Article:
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3 Reasons Why a Porn Habit Can Hurt Your Friendships

Main issues with porn are that it can lead to isolation, objectification, and shame. None of these are great things for friendships.

By January 13, 2022No Comments

As humans, we are hard-wired to be social beings—to interact with others, to be in relationships.

Friendship is one of those needed relationships that studies show can be critical for a healthier mind and overall wellbeing. Real friends are irreplaceable, as we all likely know from personal experience.

So what’s porn got to do with friendship?

It turns out, a lot. While we often talk about how porn can affect romantic relationships, and how it can be harmful to couples, we also want to shed a spotlight on porn’s harms to those people we hang out with all the time, those we can count on no matter what—our friends.

Some main issues with porn are that it can lead to isolation, objectification, and shame. Unfortunately, porn naturally fuels or causes feelings of loneliness and depression. It can cause the consumer to emotionally withdraw into a fantasy world, and disconnect from their real one.

But that’s not all—here are a few things porn fuels that can sometimes (not always) end up harming friendships.

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1. Isolation

Psychologists have demonstrated that porn produces more loneliness as more is consumed.

Dr. Gary Brooks, a psychologist who has worked with people struggling with unwanted porn habits for the last 30 years, explains that, “Anytime [a person] spends much time with the usual pornography usage cycle, it can’t help but be a depressing, demeaning, self-loathing kind of experience.”Interview with Dr. Gary Brooks, Oct. 23, 2013.COPY 

The worse people feel about themselves, the more they seek comfort wherever they can get it. Normally, they would be able to rely on the people closest to them to help them through their difficult times—a partner, friend, or family member. But many porn consumers aren’t exactly excited to tell anyone about their porn habits, least of all their partner. So they turn to the easiest source of “comfort” available: more porn.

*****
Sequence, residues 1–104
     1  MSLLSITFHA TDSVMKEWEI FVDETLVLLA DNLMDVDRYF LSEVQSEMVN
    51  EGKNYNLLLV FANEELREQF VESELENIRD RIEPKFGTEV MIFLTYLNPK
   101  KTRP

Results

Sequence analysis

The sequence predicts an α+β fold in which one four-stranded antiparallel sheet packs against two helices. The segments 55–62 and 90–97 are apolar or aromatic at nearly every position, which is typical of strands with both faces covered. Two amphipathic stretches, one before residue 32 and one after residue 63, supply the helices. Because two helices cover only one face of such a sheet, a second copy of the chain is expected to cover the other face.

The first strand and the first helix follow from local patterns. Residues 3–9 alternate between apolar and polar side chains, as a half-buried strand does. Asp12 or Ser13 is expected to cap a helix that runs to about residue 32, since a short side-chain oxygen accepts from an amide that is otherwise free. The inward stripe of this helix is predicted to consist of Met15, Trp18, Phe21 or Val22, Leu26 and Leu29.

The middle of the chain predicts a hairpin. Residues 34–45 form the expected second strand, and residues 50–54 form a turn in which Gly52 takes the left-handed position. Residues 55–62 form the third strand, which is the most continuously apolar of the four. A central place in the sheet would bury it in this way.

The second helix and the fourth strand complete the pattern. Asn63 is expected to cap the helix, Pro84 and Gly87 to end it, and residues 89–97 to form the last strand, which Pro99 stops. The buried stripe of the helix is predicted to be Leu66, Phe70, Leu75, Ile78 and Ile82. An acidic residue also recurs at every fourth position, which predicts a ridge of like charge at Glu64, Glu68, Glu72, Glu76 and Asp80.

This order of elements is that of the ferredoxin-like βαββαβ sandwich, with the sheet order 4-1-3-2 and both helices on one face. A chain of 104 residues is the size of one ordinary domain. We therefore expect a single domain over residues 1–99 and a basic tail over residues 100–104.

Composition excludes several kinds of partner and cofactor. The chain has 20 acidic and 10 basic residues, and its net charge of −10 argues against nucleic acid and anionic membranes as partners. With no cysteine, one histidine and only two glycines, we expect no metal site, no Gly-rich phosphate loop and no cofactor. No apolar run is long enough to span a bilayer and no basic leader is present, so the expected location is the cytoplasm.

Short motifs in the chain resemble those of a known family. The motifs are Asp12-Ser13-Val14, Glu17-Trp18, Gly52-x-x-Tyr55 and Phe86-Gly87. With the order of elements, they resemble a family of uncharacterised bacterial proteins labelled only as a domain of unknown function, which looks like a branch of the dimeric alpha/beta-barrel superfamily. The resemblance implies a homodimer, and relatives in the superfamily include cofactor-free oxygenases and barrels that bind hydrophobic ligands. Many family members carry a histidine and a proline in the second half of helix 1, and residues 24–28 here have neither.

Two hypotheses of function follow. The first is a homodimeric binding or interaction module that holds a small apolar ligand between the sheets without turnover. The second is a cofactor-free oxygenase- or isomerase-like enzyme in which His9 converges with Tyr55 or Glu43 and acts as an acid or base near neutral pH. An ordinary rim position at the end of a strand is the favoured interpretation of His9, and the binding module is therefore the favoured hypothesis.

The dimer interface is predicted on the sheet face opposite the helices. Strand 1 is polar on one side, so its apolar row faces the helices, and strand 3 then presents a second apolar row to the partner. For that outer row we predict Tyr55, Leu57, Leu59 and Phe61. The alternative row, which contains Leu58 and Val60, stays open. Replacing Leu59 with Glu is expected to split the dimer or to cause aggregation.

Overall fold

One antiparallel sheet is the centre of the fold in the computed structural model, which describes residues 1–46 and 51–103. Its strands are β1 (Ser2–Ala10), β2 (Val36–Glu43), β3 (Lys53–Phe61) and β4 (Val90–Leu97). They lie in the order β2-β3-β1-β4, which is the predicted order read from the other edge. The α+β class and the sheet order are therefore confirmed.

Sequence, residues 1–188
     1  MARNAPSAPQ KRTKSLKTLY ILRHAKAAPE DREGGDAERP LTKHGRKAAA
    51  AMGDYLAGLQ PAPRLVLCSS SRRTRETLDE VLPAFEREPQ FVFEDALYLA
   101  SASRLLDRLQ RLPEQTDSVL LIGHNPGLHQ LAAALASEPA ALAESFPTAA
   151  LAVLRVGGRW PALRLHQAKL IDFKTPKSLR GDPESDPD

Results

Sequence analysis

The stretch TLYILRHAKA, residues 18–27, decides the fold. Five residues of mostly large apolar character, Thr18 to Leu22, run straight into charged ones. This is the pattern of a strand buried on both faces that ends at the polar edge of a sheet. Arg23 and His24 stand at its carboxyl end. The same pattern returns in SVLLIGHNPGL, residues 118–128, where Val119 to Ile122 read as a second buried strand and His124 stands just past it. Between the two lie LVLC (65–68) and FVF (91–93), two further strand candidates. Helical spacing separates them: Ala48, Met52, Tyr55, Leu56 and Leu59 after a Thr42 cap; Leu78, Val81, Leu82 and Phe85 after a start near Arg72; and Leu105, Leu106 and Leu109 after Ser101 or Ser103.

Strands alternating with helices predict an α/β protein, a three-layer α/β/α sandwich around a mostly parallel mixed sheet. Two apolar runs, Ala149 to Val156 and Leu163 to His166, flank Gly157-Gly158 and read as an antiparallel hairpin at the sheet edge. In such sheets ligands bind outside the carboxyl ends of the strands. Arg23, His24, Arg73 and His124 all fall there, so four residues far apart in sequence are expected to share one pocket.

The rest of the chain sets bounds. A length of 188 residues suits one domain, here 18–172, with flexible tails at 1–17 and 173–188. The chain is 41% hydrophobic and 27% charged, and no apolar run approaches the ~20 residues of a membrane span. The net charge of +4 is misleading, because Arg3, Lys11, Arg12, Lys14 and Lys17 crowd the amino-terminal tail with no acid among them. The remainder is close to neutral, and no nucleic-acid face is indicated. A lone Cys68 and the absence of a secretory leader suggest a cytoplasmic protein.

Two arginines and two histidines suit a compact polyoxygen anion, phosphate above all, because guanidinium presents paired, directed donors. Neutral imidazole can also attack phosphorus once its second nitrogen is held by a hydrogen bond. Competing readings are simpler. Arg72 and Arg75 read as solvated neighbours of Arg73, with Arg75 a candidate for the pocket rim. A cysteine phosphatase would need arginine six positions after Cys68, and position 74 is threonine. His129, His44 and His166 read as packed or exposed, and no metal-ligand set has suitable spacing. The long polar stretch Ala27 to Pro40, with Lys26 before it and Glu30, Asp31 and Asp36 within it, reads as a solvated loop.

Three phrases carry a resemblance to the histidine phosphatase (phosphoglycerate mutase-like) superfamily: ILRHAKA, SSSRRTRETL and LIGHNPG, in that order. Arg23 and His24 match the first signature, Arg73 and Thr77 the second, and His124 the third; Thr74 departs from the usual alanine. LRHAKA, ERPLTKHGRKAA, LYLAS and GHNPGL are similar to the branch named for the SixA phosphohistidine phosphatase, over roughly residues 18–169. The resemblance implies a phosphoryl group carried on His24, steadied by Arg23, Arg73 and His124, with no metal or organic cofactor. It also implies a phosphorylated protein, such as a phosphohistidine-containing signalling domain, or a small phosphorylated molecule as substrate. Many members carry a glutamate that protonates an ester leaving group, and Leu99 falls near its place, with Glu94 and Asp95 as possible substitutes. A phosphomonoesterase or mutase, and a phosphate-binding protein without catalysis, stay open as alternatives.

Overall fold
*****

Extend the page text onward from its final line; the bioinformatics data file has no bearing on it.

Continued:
As some porn consumers find themselves further down this cycle, an isolating porn habit can lead them to skip out on interacting with friends, participating in hobbies, or connecting with the people in their lives.Volkow, N. D., Koob, G. F., & Mclellan, A. T. (2016). Neurobiological Advances From The Brain Disease Model Of Addiction. New England Journal Of Medicine, 374, 363-371. doi:10.1056/Nejmra1511480COPY Park, B. Y., Wilson, G., Berger, J., Christman, M., Reina, B., Bishop, F., Klam, W. P., & Doan, A. P. (2016). Is Internet Pornography Causing Sexual Dysfunctions? A Review with Clinical Reports. Behavioral sciences (Basel, Switzerland), 6(3), 17. https://doi.org/10.3390/bs6030017COPY  Some consumers can become so emotionally and physically reliant on porn that they may start to prefer watching porn to participating in real-life sexual experiences, which can understandably seriously harm their relationships.Sun, C., Miezan, E., Lee, N., & Shim, J. W. (2015). Korean Men’s pornography use, their interest in extreme pornography, and dyadic sexual relationships.27(1), 16-35. doi:10.1080/19317611.2014.927048COPY Rasmussen, K. (2016). A historical and empirical review of pornography and romantic relationships: Implications for family researchers. Journal of Family Theory & Review, 8(2), 173-191. doi:https://doi.org/10.1111/jftr.12141COPY 

One consumer phrased it like this:

“Pornography is a super lonely endeavor. I ran to porn whenever I was lonely, yet it only breeds loneliness. It also became a crutch if I ever was bored, disappointed, or angry at myself.”

Connecting the dots, it’s pretty obvious how the withdrawal from real relationships, healthy sources of comfort can cause a major strain on those people closest to porn consumers—including friends.

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2. Objectification

Studies continue to show that porn warps the idea of consumers so that they begin to see sexual objects and body parts instead of people.

Not long ago, Princeton and Stanford psychologists performed a study showing a group of men two sets of pictures, some of fully-clothed women and others of women who had been sexualized and were barely clothed. The psychologists monitored their medial prefrontal cortex (mPFC), which is the part of the brain involved in recognizing human faces and distinguishing one person from another. For the most part, the mPFC part of the brain was activated with each picture. However, when the subjects of the study were shown the pictures of sexualized women, this part of the brain was not activated. Basically, the automatic reaction in their brains suggested that they didn’t perceive the sexualized women as fully human, rather they saw them as objects, focusing on their bodies and body parts. The researchers concluded, “sexualized women were perceived as having the least control over their own lives” and “this suggests that sexualized women are more closely associated with being the objects, not the agents, of action as compared to clothed women.Cikara, M., Eberhardt, J. L., & Fiske, S. T. (2011). From agents to objects: sexist attitudes and neural responses to sexualized targets. Journal of cognitive neuroscience, 23(3), 540–551. https://doi.org/10.1162/jocn.2010.21497COPY 

Check out what this consumer said that illustrates this concept: